The Normans: From Raiders to Kings, by Lars Brownworth


I’ve recently taken a little detour into the Middle Ages, starting with Helen Hollick’s The Kingmaking, a well-researched novel about Arthur Pendragon’s rise to power in 5th century Britain. Then I jumped ahead to the 12th-15th centuries, viewing a four-part series hosted by historian Dan Jones called Britain’s Bloodiest Dynasty: The Plantagenets.

I also read Judith Merkle Riley’s witty novel, The Master of All Desires, about a young woman who finds herself at the center of Queen Catherine de Medici’s intrigues at the French Court and looks to the Queen’s Astrologer, Nostradamus, for advice. The story is set in the 16th century, thus putting it over the historians’ line and into the Renaissance, although the reliance on seers and spells seems more apt for the Middle Ages.

Finally I tackled this book on the Normans, set in the 11th and 12th centuries. It is relatively short at a little over 200 pages and immensely readable. Maps, family trees, descriptive lists of people and places, and endnotes explaining possibly unfamiliar terms, make this history accessible for a reader with little or no foreknowledge while not boring one who knows quite a bit about the Normans already.

I knew that the Normans who invaded Britain came from—surprise!—Normandy and were descended from Viking raiders who’d settled there in the 9th and 10th centuries. I knew about the Battle of Hastings and have my list of English monarchs well situated in memory.

What I didn’t know was that the Normans played a huge role in the rest of Europe, creating kingdoms as far south as North Africa, going on crusades, and taking on the Papal States, the Holy Roman Empire (aka the German Empire) and the Byzantine Empire. And that much of that was accomplished by members of a single family, the de Hautevilles.

The question Brownworth sets out to answer is: “How did Western Europe, which was militarily, technologically, and socially far behind its immediate neighbors in the Middle East, manage not only to catch up with them, but to rise to global dominance?”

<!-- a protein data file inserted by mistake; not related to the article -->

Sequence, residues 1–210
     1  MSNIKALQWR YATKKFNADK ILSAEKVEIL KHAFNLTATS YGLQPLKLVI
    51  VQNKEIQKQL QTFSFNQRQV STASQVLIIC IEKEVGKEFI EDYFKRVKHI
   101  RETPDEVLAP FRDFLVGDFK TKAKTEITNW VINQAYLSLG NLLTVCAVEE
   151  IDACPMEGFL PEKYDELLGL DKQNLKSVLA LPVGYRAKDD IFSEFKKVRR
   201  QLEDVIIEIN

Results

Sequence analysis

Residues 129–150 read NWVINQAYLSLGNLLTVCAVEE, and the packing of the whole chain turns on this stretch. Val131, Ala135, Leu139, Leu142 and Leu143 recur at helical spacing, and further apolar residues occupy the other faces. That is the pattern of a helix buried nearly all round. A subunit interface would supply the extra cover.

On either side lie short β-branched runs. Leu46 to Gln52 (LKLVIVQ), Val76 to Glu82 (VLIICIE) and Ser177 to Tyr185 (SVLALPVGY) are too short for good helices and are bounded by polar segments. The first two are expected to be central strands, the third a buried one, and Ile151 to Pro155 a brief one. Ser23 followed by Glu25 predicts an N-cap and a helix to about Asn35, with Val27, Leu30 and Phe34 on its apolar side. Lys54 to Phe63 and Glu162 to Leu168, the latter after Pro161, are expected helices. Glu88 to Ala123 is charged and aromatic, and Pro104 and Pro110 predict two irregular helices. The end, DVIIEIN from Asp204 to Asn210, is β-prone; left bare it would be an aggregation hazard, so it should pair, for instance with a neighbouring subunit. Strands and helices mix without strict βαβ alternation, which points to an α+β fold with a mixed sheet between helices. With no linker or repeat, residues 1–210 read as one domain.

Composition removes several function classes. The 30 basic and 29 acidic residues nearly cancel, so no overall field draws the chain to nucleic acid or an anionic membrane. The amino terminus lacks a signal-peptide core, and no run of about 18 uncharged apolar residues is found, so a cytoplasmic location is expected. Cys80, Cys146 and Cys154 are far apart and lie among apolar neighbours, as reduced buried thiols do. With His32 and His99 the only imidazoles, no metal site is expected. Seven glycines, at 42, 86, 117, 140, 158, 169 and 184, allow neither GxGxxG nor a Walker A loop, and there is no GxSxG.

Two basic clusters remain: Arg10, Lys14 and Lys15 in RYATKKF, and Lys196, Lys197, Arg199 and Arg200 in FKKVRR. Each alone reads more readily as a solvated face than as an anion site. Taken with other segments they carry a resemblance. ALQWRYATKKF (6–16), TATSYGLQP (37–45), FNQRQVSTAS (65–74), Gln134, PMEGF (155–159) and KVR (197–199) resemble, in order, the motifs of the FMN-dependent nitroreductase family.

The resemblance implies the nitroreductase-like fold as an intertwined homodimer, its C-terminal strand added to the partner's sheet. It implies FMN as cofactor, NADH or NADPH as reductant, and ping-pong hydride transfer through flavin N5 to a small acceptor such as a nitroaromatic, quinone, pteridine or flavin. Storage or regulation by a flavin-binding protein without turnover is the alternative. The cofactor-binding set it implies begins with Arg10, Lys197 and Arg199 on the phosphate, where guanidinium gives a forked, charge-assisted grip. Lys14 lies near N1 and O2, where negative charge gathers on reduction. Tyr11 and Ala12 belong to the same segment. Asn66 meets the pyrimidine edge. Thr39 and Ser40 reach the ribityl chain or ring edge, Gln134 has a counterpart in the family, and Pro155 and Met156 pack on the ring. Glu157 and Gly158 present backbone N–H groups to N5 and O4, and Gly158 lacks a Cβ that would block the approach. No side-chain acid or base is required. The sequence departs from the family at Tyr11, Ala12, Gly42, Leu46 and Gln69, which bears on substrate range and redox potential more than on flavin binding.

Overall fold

He finds much of the answer in the Normans. Without downplaying their ruthless suppression of local languages and customs, he does explain how they eventually assimilated with their conquered peoples. While some of the Normans he describes were warriors first and last, others actually found creative ways to govern, becoming respected and even beloved.

Still, the net result for me of all this reading and viewing was a sickening sense of the brevity of life in the Middle Ages, not only for the conquered peasantry and the waves of warriors thrown at various foes, but for the rulers themselves. Intrigue is too mild a word for the fostering of revolts in a brother’s country, the poisonings and outright murders. And then there were the frail, inbred children placed on thrones, controlled or fought over by power-hungry nobles.

None of this was new to me, but the span of this little detour of mine showed how prevalent it was. Yet another person murdering all of his brothers to gain a throne, in turn murdered by another claimant. Over and over.

In this season of the U.S. presidential election, a time I loathe, one that has me avoiding the saturated media, I actually found the slaughter of the Middle Ages comforting. Yes, the airwaves are dominated by amoral pretenders, each trying to stir up more hatred than the next, making the U.S. a laughingstock in the international arena where people cannot believe such clowns could even be considered for office. But at least they are not killing each other. At least they are not cooking up charges to have each other’s entrails dragged out or having their opponents beheaded or poisoned or burned at the stake. And this season, at least, there are a few who are refraining from even verbal attacks in favor of—shocking as it may be—a discussion of the issues.

I will take comfort where I can find it.

What do you know of the Normans’ involvement in the Crusades?

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